The 'greenification' of petdom and how you can help
"Greenification" is well underway in the world of pets. As a consequence, pet owners are not just being urged to buy "green" products, you’re being asked to change your behavior to reflect the needs of a planet with limited resources.
To that end, I’ve put together a list of "to-do’s" that can help reduce your pet’s carbon pawprint. Here’s my top 10:
1. Eliminate all pet breeding except in the most responsible format. Ideally, that means that all dogs and cats in your care (and that means the outdoor cats you feed, too) should be spayed, neutered, or kept in a mate-free environment––unless, that is, you have a purebred pet with superior genetic qualities and the know-how to produce healthy offspring.
2. Bring your cats indoors, if at all possible. Minimizing hunting of sensitive prey species is best for the environment. If you can’t keep them in at all times, be aware of migratory seasons and keep you cats indoors more often during these times of the year. At the very least, keep a loud bell on your kitty’s collar.
3. Utilize cat litter made of recycled materials produced nearby. Strips of newspaper or shredded paper works for many cats. Otherwise, make sure the brand of litter you buy isn’t hauled from across the country. Use wee-wee pads? Try newspaper training from the start, instead. It works just as well.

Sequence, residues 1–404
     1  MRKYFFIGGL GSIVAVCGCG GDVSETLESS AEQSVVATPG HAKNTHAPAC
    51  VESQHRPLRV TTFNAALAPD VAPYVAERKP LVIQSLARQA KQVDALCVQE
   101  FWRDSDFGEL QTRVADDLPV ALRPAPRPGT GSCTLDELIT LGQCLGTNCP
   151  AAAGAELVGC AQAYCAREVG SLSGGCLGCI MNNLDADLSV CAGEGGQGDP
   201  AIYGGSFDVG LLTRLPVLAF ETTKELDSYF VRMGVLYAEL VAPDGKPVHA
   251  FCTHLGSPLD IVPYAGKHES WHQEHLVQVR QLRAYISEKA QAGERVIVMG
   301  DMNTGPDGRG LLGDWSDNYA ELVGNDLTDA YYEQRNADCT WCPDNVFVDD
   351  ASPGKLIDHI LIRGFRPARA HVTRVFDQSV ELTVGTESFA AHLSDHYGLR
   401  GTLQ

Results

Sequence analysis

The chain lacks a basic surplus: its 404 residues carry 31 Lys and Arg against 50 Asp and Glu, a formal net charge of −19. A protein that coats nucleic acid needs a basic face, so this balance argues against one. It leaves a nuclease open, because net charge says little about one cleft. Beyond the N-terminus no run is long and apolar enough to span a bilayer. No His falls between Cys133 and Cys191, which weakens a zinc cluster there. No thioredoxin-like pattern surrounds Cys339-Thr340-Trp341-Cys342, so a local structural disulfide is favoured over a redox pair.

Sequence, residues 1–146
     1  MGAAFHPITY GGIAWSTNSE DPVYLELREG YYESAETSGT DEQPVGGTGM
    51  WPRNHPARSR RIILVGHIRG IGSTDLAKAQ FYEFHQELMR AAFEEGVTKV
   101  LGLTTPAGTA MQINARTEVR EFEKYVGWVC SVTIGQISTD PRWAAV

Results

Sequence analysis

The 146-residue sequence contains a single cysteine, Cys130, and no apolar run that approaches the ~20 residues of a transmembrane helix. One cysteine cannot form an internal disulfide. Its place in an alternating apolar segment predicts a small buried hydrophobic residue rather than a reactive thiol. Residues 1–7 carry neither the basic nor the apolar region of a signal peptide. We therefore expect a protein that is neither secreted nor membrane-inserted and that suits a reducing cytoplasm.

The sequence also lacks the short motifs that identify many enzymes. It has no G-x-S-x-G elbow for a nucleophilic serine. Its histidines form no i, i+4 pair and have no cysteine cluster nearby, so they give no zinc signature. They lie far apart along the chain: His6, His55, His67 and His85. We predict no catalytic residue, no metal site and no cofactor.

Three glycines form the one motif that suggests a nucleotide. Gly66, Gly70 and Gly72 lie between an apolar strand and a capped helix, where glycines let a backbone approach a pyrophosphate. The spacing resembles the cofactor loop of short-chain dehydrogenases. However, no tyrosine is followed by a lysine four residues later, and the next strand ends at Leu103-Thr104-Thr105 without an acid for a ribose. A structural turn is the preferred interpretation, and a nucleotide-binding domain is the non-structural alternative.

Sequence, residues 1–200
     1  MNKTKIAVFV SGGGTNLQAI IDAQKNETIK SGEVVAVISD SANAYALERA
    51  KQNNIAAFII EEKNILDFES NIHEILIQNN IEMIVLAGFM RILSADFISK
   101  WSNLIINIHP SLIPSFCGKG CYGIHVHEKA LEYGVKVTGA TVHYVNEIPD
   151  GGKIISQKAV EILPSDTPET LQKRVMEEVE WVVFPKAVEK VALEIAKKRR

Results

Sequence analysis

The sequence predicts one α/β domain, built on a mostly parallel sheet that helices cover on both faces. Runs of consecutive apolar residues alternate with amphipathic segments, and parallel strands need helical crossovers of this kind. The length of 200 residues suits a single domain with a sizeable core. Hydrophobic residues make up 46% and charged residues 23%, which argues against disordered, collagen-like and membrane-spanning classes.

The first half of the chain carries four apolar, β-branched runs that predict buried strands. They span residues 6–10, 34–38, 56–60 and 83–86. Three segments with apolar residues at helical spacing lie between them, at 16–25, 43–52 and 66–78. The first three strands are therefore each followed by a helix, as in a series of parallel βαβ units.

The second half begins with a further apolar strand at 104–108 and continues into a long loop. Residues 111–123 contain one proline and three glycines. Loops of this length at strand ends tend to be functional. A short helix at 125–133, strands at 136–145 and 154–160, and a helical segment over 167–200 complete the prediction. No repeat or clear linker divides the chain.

4. Trek your pets? Go for energy efficient car models and still meet their cargo needs––without the need for a huge SUV.
5. Keep breeds of pets that are appropriate to your environment. Heavy coated breeds are best in northern climes and short-coated in southern ones. Consider staying away from blunt-nosed breeds in hot locales where heavy AC use is needed to keep them most comfortable.
6. Make your own dog food or buy locally produced foods with locally grown ingredients, whenever possible. If you use commercial foods (as I do), consider supplementing with home-cooked leftovers as long as your pets don’t have major dietary restrictions. "Must-gos" from my fridge are the mainstay of my own dogs’ diet. It adds variety and premium-quality, locally grown ingredients to their diet while minimizing the load in my trash can.
7. Keep pets with agricultural uses to supplement your diet and minimize your shipped food intake. While this is definitely a major undertaking, it’s not as hard as you may think. Keeping chickens is fairly easy (and fun, trust me) and goats are the ultimate pleasure for those of you who value personality in your pets (and have the space to keep them, as I do).
8. Stay away from exotic, wild-caught pets. For each one of these who make the trip, several more die. Furthermore, their native habitats suffer as a result of their removal.
9. Keep your pets lean––it reduces pet food waste and makes them healthier, too.
10. Consider using small, space-efficient animal hospitals, and/or those who respect green ideals. New vet hospitals with green architecture and environmentally sound practices are starting to crop up all over the country. Consider that vets who share your concerns with respect to the environment are also more likely to click with your goals for your pet healthcare. Not always, of course, but it’s a sign of a progressive mind in my book.
Have any more tips? I'll take 'em.
Dr. Patty Khuly